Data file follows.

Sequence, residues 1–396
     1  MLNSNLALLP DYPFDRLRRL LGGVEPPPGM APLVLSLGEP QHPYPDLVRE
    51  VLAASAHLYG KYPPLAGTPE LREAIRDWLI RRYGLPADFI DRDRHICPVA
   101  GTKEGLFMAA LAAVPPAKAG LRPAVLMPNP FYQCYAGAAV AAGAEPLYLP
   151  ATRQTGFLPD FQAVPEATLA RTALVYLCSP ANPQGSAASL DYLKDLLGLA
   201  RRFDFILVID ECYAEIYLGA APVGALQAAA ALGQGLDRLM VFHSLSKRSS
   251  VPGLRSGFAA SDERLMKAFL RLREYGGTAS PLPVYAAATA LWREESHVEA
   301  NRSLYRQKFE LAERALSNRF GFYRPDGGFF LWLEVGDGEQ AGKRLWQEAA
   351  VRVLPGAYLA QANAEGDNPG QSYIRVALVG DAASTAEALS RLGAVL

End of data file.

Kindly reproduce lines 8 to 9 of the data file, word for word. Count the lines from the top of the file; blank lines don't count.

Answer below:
   301  NRSLYRQKFE LAERALSNRF GFYRPDGGFF LWLEVGDGEQ AGKRLWQEAA
   351  VRVLPGAYLA QANAEGDNPG QSYIRVALVG DAASTAEALS RLGAVL